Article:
Origins of Objectivity
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Origins of Objectivity

By (author) Tyler Burge

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Tyler Burge presents a substantial, original study of what it is for individuals to represent the physical world with the most primitive sort of objectivity. By reflecting on the science of perception and related psychological and biological sciences, he gives an account of constitutive conditions for perceiving the physical world, and thus aims to locate origins of representational mind. Origins of Objectivity illuminates several long-standing, central issues in philosophy, and provides a wide-ranging account of relations between human and animal psychologies.

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  • Paperback | 656 pages
  • 152 x 232 x 40mm | 920.79g
  • 30 Apr 2010
  • Oxford University Press
  • Oxford
  • English
  • figures
  • 0199581398
  • 9780199581399
  • 239,531

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Author Information

Tyler Burge is Distinguished Professor of Philosophy at the University of California, Los Angeles. He is the author of Truth, Thought, Reason: Essays on Frege (OUP, 2005) and Foundations of Mind (OUP, 2007).

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Review quote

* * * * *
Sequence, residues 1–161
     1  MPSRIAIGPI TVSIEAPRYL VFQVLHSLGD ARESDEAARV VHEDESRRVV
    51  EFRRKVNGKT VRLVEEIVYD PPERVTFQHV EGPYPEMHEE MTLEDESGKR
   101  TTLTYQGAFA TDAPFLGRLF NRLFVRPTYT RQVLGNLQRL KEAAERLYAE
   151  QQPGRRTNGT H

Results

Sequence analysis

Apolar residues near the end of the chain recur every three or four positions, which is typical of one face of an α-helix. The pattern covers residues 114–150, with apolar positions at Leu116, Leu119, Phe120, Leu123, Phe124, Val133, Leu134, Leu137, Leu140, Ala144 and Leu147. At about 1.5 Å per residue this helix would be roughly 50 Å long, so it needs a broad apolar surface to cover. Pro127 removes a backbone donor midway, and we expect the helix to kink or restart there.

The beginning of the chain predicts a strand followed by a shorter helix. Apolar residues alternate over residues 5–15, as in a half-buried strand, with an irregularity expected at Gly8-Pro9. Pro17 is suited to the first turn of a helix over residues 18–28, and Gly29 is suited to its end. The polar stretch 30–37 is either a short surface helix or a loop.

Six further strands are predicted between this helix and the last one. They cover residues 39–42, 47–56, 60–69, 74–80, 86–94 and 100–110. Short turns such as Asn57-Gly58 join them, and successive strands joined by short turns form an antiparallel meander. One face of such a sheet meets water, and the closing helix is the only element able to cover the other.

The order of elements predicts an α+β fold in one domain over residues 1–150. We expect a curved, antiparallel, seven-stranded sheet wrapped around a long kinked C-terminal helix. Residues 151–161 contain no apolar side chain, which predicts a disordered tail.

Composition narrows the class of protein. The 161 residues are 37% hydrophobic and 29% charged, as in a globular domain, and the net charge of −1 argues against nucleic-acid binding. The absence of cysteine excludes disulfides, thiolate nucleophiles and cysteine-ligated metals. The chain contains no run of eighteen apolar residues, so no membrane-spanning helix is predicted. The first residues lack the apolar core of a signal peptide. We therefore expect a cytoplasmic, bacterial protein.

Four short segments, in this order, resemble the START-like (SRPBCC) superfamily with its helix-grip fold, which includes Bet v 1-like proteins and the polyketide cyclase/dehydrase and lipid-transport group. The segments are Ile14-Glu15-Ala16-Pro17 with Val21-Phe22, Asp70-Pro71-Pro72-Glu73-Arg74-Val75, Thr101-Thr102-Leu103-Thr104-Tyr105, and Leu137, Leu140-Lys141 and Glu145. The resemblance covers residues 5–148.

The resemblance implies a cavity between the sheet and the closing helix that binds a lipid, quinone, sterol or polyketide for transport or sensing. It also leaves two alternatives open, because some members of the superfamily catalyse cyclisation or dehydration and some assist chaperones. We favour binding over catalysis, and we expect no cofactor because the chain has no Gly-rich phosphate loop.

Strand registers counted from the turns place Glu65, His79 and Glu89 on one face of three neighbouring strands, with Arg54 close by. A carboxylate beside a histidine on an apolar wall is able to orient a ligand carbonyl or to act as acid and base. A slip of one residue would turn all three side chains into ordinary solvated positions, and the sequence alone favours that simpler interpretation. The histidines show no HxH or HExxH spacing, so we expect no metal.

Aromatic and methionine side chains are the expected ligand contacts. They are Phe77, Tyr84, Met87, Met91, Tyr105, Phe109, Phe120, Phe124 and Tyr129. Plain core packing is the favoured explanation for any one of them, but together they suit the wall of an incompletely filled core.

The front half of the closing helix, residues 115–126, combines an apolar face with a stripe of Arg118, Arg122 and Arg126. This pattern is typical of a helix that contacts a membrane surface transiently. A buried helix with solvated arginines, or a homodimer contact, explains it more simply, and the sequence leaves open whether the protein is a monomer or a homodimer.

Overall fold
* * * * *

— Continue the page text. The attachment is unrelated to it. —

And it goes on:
As a history, Origins of Objectivity provides an illuminating position from which to view our most recent philosophical inheritance. As a philosophical account of the nature of perceptual representation, it offers an explanatorily rich, empirically grounded, comprehensive theory. As a method, it is an exemplar of the power of empirically informed philosophical inquiry. the most important book in the philosophy of mind for several decades ... with its publication the subject ought to enter a new, more mature phase... an immensely distinguished contribution to this fundamental topic in philosophy. Christopher Peacocke, Times Literary Supplement Origins of Objectivity is Tyler Burge's long-awaited first monograph. It is an absolutely terrific work, conceived and executed at a scale and level of ambition rarely seen in contemporary philosophy. The book's primary aim is to contribute a theory of perception; more broadly, however, it also delivers a subtle and nuanced query into the place of distinctively psychological capacities in the natural order. One can only hope that the book will come to shape discussions in the philosophy of mind and perception for years to come, not just in terms of its specific doctrines - bold and persuasive as they are - but also in terms of its methods. Burge's integration of insights from a vast range of empirical sciences with philosophical reflection stands out as a model for emulation. Endre Begby, Notre Dame Philosophical Reviews a comprehensive, sophisticatedly argued, and empirically well-informed critique ... unquestionably an important and impressive work in the philosophy and psychology of perception. Its scope is large, its thesis novel and wideranging in import, and its critical assessments of competing theories insightful and

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